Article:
Precision Machining and Manufacturing

Nature of Work

Machinists use lathes, milling machines, grinders, and other types of machine tools to produce precision metal parts. Although they may produce large quantities of one part, precision machinists often produce small batches of one-of-a-kind items. They use their knowledge of the working properties of metals and their skill with machine tools to plan and carry out the operations needed to make machined products that meet precise specifications. The parts that machinists make range from bolts to automobile pistons.

Machinists first review electronic or written blueprints or specifications for a job before they machine a part. Next, they calculate where to cut or bore into a piece of steel, aluminum, titanium, plastic, silicon, or any other material that they are shaping into a product or tool. They determine how fast to feed the work piece into the machine and how much material to remove. They then select tools and materials for the job, plan the sequence of cutting and finishing operations, and mark the work piece to show where they are to make cuts.

After this layout work is completed, machinists perform the necessary machining operations. They position the work piece on drill presses, lathes, milling machines, or other types of machines; set controls; and make the cuts. During the machining process, they must constantly monitor the feed rate and speed of the machine. Machinists also ensure that the work piece is lubricated and cooled properly because the machining of metal products generates a significant amount of heat.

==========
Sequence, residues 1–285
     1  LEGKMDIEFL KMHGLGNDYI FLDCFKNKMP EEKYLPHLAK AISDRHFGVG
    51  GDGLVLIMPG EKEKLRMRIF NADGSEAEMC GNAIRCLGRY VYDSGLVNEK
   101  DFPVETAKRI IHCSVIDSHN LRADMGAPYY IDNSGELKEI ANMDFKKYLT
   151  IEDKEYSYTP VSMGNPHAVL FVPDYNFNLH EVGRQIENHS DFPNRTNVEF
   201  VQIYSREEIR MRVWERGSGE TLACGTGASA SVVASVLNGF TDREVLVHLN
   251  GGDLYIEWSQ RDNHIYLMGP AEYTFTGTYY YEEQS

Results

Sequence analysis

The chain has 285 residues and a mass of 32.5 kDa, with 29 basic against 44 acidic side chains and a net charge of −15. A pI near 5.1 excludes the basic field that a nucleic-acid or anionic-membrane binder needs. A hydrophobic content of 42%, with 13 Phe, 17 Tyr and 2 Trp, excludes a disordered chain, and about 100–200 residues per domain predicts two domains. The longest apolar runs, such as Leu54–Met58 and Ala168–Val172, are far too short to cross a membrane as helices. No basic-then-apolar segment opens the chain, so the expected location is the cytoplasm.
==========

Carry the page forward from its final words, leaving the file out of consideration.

Many modern machine tools are computer numerically controlled (CNC). Frequently, machinists work with computer control programmers to determine how the automated equipment will cut a part. The machinist determines the cutting path, speed of the cut, and the feed rate, while the programmer converts path, speed, and feed information into a set of instructions for the CNC machine tool.

Career Outlook

Machinists held about 476,200 jobs nationally in 2012. Employment is projected to increase by 9 percent from 2012 through 2022.

Learn more about our Precision Machining and Manufacturing program College Catalog

Credentials You Can Earn

Associate Degree
Precision Machining and Manufacturing

Precision Machining and Manufacturing

Basic Grinder Operations

Basic Machining Operator

CNC Specialist

Lathe Operator

Mill Operator

Program Expenses

The Higher Education Act requires all colleges and universities to notify students and prospective students of all program costs for which they will be responsible. Students will be responsible for the following expenses:

Admissions Fees

  • Nonrefundable application fee ($25)

Outside Vendor Fees Prior To Beginning ACMA and MCHT Courses

  • Tools (Approximately $675)

Semester Fees

  • Tuition ($89 per credit hour)
  • Accident Insurance Fee ($4 per term)
  • Campus Supply Fee ($40 per term)
  • Instruction Fee ($55 per term)
  • Parking Fee ($20 per term)
  • Campus Safety Fee ($25 per term)
  • Registration Fee ($50 per term)
  • Student Activity Fee ($30 per term)
  • Technology Fee ($105 per term)

Throughout the Program

  • Textbooks (Approximately $1,500 for the associate degree program, $900 for the diploma program, $160 for the CNC Specialist program, $255 for the Lathe Operator program, and $250 for the Mill Operator program)
  • Supply Fees (Varies — See course descriptions for exact amount)


These expenses are based on costs in effect at the time this catalog was published. Prices are subject to change.

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Edward Kiszka, Program Chair
Office Location: Walton
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